The Greater Toronto Area housing market has long been defined by its supply and demand imbalance. The fact that there are simply too few available listings to keep pace with sales has been a culprit behind steep price increases and speculative activity within the marketplace.
It was this dynamic that policymakers sought to address when they introduced both the Ontario Fair Housing Plan as well as the federal mortgage stress test. And, while these measures proved to have an impact in the short term, it appears their effectiveness may be waning as the same fundamentals are alive and well once again, according to the June numbers released by the Toronto Real Estate Board.
“Buyers started moving off the sidelines in the spring, as evidenced by strong year-over-year price growth throughout the second quarter,” says Jason Mercer, TREB’s chief market analyst. “However, because we saw virtually no change in the number of new listings, market conditions tightened and price growth picked up, especially for more higher-density home types, which, on average, are less expensive than traditional detached houses and therefore provide more affordable housing options under the new stress test regime.”
Sales Up By Double Digits In GTA
The data reveals a total of 8,860 transactions occurred over the month of June, up 10.4 per cent year over year. New listings, however, remained flat with 15,816 homes brought to market, down 0.3 per cent.
That’s resulted in a steady increase in the average home price, which rose 3 per cent to $832,703 compared to the same time last year. The MLS Home Price Index, which measures the value of homes sold, also rose by 3.6 per cent. Multi-family and “high-density” housing types, such as condos and townhouses, drove the bulk of the appreciation.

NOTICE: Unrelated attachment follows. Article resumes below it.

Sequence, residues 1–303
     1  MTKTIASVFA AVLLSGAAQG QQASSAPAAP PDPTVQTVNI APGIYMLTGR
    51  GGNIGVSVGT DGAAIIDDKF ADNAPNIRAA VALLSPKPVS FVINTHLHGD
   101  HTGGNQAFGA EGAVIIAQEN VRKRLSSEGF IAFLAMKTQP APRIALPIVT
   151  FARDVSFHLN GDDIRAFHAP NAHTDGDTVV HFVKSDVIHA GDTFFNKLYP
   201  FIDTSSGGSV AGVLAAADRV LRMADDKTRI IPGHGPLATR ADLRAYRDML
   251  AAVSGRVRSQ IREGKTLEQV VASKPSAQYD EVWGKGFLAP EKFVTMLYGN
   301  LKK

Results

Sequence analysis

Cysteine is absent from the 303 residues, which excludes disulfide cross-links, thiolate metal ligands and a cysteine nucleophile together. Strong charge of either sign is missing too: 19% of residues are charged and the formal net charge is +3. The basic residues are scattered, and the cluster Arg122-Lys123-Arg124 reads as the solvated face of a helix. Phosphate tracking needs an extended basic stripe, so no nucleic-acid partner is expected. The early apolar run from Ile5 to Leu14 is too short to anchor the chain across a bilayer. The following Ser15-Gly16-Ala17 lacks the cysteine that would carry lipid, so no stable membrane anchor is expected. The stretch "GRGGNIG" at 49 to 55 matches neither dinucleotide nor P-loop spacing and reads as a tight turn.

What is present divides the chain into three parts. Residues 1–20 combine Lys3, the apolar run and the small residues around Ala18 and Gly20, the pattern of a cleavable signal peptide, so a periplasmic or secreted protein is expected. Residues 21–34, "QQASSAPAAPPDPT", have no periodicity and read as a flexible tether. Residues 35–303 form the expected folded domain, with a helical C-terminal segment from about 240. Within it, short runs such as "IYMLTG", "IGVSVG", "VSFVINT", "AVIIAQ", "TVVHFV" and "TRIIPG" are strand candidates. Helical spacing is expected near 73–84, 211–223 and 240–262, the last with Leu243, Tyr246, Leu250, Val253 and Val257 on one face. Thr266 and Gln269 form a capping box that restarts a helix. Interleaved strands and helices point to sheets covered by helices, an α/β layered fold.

High-Density Home Types In Greatest Demand
These home types, which traditionally offer a less expensive entry point to the market, have been growing in popularity as GTA home prices have risen steeply over the past five years, and affordability has been further chopped by the stress test. However, this is leading to additional supply imbalances, as homeowners are remaining in their starter homes for much longer, as they remain priced out of the upper echelons of the single-family home market.
“While some home buyers may have adjusted to the OSFI stress test by looking to more affordable housing options, this could present an issue over the longer term because we aren’t adding a meaningful amount of new mid-density housing supply to bridge the gap between condominium apartments and detached homes,” said John DiMichele, TREB’s CEO.
“Finding ways to add more mid-density housing types to existing neighbourhoods and new developments needs to be a key component of municipal, provincial, and federal housing plans and policies moving forward.”
Sales Strongest Throughout 905 Housing Markets
Markets located within the 905 regions saw the largest pace of sales growth; a total of 5,659 homes traded hands outside the City of Toronto, marking a 14.3 per cent year-over-year increase. Combined with a small dip in new listings by -2.2 per cent, that’s pushed prices up by 2.1 per cent to an average of $785,879.
Growth varied across different municipalities; for example, Mississauga real estate sales rose just 2.5 per cent, but that was more than enough to outpace an -8.6 per cent decline in new listings, putting additional pressure on buyers in the popular GTA suburb. Demand was highest in more affordable pockets within Ontario’s Greater Golden Horseshoe – performance among Burlington homes for sale rose 6.7 per cent with the average price rising 2.6 per cent to $802,275. In contrast, pricier Oakville homes for sale saw just 2.6 per cent growth in sales and a 0.1 per cent in prices to an average of $1,072,135.
The average price within the 416 proper, however, is approaching the million-mark at $915,481, a 5.1 per cent increase. Overall sales growth rose at a more moderate pace of 4.1 per cent with a total of 3,201 transactions.
Check out the infographic below to see how sales and price trends have changed year over year in the City of Toronto in June: